Environment

Something is Rotten in the Dissection Lab

Written by Christine Gill

Dissection is the procedure of taking apart of a dead animal or plant for the purpose of educational inquiry. It is a common activity in advanced classes. For many students, dissection is an exciting lesson–hands on experience with scalpels, rubber gloves, real animal tissue, and the smell of formaldehyde. Last week, the dissection of dog sharks revealed that science can be a very messy process.

In Ms. V’s 7th hour AP Bio class, we dissected the spiny dogfish shark. These sharks came in gooey plastic bags and smelled of dead fish (duh). After being presented with the option to choose between male sharks, female sharks, and pregnant female sharks, my trusty lab partner and I decided that a pregnant female shark would be the most engaging.

We began the lab, only to recognize an even more putrid smell once opening the shark up fully. After what seemed like an eternity of searching for the baby sharks, we finally called Ms. V over for help. Upon a thorough examination, Ms. V opened up a small sac, which should have held the unborn sharks. However, to our dismay, an orange goo–that of a similar texture to applesauce–oozed out of the sac. EW!! Now, I’m sure you’re starting to figure this out, but if not… Our shark was actually rotten. So rotten, in fact, that the insides were literally falling apart. How gross is that?!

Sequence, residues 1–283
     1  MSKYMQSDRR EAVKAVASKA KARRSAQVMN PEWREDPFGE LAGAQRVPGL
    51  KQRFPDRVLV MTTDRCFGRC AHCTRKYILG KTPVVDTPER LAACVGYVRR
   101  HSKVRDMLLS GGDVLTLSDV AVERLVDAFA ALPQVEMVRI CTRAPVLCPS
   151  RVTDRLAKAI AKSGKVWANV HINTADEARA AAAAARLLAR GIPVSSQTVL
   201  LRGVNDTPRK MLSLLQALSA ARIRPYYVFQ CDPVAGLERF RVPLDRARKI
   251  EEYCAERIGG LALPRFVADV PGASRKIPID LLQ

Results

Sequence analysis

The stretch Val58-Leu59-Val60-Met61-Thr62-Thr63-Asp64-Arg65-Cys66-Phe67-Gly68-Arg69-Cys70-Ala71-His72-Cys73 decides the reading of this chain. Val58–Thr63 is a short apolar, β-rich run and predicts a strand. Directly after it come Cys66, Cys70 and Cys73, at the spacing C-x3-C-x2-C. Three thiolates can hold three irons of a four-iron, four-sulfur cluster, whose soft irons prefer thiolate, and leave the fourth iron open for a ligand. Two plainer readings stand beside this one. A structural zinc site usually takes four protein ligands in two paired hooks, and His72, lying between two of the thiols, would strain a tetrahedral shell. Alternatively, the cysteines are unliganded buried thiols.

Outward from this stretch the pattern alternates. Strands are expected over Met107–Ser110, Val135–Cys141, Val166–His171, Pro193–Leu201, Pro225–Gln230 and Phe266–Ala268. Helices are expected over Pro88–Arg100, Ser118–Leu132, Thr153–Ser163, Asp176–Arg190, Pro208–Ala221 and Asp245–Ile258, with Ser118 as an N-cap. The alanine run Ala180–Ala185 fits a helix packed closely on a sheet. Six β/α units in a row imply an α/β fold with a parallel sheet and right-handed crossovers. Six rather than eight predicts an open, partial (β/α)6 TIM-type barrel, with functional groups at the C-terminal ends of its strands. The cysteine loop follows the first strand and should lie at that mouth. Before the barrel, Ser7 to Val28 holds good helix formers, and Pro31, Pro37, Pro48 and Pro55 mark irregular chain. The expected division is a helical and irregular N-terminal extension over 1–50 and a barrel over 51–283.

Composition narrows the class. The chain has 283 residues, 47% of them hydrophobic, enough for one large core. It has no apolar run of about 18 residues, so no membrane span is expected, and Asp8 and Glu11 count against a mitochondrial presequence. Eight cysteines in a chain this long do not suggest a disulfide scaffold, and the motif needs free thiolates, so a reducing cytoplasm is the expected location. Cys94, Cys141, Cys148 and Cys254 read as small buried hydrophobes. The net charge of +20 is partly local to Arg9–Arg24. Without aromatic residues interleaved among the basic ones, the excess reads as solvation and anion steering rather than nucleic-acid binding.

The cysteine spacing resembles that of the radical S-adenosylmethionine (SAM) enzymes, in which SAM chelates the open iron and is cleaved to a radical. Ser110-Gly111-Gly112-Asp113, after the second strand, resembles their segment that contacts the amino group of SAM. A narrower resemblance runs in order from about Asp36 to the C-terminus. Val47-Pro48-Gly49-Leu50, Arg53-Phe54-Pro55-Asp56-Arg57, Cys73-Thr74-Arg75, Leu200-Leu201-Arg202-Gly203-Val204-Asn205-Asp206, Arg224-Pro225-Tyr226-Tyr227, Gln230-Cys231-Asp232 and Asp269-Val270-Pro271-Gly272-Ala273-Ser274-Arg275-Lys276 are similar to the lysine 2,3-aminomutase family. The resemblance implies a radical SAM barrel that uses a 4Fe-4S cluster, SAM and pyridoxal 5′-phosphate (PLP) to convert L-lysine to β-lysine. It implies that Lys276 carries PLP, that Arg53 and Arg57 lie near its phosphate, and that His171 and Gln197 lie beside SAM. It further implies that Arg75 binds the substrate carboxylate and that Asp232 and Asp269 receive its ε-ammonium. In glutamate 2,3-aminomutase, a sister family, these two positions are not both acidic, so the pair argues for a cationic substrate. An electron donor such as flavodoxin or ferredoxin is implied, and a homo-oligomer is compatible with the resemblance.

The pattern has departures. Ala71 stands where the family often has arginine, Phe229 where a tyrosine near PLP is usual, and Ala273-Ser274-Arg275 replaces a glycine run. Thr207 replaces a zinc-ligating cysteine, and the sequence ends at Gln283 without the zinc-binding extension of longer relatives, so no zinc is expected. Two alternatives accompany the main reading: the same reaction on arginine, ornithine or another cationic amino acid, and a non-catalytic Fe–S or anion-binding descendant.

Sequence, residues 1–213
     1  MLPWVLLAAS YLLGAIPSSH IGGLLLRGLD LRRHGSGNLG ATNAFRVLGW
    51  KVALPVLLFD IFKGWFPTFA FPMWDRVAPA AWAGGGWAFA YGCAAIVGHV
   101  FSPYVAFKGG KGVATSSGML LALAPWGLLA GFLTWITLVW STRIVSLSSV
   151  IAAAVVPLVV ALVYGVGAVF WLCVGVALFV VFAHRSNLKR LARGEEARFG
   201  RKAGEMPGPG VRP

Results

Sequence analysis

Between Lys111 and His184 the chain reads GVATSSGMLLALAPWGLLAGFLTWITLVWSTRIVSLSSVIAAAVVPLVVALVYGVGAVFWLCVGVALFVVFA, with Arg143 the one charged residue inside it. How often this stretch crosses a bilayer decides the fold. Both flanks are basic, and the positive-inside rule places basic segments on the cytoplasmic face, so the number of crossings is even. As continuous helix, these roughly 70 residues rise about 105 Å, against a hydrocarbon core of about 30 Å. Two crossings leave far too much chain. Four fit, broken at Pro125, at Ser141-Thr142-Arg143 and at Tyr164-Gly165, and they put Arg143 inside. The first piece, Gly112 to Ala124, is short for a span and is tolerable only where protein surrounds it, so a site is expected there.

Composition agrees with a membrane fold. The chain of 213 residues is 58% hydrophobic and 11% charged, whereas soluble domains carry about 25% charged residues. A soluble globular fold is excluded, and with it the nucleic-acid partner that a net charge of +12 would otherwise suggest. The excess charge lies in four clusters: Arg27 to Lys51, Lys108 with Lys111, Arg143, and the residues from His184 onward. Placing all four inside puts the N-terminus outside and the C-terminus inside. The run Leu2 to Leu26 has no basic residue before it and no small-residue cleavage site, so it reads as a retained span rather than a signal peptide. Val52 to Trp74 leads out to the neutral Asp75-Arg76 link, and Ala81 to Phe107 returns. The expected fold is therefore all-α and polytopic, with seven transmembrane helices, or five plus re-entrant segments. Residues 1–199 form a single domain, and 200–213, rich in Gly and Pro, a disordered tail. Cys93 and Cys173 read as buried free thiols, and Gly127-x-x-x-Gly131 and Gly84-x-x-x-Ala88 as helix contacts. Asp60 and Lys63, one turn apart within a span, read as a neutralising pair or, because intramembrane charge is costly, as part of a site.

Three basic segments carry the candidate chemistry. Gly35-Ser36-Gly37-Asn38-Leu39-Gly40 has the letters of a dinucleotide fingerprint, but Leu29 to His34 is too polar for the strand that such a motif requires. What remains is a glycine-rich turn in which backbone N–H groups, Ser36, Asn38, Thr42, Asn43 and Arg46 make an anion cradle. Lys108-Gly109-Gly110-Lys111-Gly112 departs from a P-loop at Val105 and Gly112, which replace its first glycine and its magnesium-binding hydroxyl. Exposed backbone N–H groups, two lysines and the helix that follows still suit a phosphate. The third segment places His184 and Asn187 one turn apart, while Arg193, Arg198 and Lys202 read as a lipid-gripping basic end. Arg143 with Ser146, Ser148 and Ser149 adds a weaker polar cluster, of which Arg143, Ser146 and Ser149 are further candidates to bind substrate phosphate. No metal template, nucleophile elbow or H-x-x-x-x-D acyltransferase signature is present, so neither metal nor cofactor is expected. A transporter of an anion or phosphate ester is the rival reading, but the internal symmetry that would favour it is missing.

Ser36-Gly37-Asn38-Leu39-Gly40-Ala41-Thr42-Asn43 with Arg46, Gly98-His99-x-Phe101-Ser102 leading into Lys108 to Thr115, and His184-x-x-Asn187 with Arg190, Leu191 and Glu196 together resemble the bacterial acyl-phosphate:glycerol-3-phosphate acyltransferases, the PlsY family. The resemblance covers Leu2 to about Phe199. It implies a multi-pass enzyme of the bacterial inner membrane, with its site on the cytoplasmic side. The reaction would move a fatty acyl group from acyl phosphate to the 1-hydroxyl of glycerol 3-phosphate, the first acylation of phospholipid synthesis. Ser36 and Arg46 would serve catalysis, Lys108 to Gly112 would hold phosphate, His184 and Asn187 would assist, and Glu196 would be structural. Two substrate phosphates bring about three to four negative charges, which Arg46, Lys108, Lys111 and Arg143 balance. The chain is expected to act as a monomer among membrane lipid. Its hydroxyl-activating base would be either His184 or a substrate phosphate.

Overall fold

While we did not get to see our own shark’s babies, our friends a lab table over were kind enough to share their babies for a great photo-op!

 

About the author

Christine Gill